Executive Action

With this November 22 being the 50th anniversary of the JFK assassination, now’s as good a time as any to check out this somewhat obscure, quietly sinister conspiracy thriller from 1973. Reportedly the first narrative feature film to depict the Kennedy killing, Executive Action also tells an unambiguously accusing story about how and why it happened.

In this scenario, Burt Lancaster leads a coterie of military-industrial conservatives who calmly decide to eliminate the Commander in Chief because he obstructs their interests. And so the most haunting murder in American history begins with a group of craggy cigar-puffing grey-white men lurking in dark wooden rooms and making ominous pronouncements like this:

“The real problem is this, James. In two decades there will be seven billion human beings on this planet. Most of them brown, yellow, or black. All of them hungry. All of them determined to love. They’ll swarm out of their breeding grounds into Europe and North America. Hence Vietnam. An all-out effort there will give us control of South Asia for decades to come. And with proper planning, we can reduce the population to five hundred and fifty million by the end of the century. I know, I’ve seen the data.”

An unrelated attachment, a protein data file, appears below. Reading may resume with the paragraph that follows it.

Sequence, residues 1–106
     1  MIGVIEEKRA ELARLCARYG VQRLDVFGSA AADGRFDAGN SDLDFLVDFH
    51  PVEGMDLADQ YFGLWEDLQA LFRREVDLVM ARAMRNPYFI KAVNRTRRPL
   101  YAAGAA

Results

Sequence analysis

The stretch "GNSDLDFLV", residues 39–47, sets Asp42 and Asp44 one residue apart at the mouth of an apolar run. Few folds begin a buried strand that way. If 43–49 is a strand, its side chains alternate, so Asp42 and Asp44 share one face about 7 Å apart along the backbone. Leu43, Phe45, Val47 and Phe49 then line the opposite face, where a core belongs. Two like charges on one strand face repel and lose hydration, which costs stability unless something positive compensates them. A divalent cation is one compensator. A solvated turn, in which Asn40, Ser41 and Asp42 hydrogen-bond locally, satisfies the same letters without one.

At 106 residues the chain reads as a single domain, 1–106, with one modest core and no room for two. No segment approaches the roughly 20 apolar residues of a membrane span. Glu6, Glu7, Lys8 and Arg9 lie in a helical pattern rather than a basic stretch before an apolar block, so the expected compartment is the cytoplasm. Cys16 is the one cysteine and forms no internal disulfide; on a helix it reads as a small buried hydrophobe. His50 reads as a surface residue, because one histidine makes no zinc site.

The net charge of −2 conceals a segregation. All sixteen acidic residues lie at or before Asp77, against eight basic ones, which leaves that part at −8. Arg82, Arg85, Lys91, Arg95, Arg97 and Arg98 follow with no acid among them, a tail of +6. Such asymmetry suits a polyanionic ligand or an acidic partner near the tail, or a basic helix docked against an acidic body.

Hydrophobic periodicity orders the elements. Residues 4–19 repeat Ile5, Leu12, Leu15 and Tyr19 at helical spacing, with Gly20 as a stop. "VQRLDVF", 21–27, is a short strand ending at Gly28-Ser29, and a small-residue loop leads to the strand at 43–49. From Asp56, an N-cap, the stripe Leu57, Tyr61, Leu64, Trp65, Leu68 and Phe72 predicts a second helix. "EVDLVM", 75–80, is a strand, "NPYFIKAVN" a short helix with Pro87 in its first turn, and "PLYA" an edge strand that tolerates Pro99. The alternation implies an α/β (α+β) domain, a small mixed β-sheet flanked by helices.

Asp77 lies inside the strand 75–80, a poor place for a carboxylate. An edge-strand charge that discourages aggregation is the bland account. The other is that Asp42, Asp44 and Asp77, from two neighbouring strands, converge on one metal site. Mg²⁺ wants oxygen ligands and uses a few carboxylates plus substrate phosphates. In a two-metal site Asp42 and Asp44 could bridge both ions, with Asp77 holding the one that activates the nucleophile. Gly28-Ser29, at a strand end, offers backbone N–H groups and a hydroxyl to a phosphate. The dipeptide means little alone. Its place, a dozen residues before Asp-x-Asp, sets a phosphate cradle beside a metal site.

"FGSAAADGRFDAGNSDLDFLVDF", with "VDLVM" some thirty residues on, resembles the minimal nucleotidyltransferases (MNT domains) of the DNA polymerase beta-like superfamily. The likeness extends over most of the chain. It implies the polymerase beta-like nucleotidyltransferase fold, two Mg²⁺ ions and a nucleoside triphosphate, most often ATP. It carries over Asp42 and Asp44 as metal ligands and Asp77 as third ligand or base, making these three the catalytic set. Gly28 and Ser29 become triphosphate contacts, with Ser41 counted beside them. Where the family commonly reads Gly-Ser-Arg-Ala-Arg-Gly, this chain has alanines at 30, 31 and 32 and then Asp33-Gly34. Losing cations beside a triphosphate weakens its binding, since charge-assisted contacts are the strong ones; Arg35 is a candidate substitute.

Well, okay then. Specifics of the assassination plot include elaborate target practice in the desert somewhere, lots of old-school photo doctoring, and a carefully rehearsed Lee Harvey Oswald doppelganger. Of the real Oswald, someone asks, “Can we rely on a character like this?” The answer: “We’re not relying on him. We’re using him.”

Written by Dalton Trumbo, arguably the most famous blacklisted member of the Hollywood Ten, this movie is in no mood to play nice with right-wing bullies. Just after the opening credits, a title card says, “Although much of this film is fiction, much of it is also based on documented historical fact. Did the conspiracy we describe actually exist? We do not know. We merely suggest that it could have existed.”

Executive Action does at the very least remind us how JFK’s death took some innocence away from modern American political culture, replacing it with what seems in retrospect like a kind of permanent paranoia.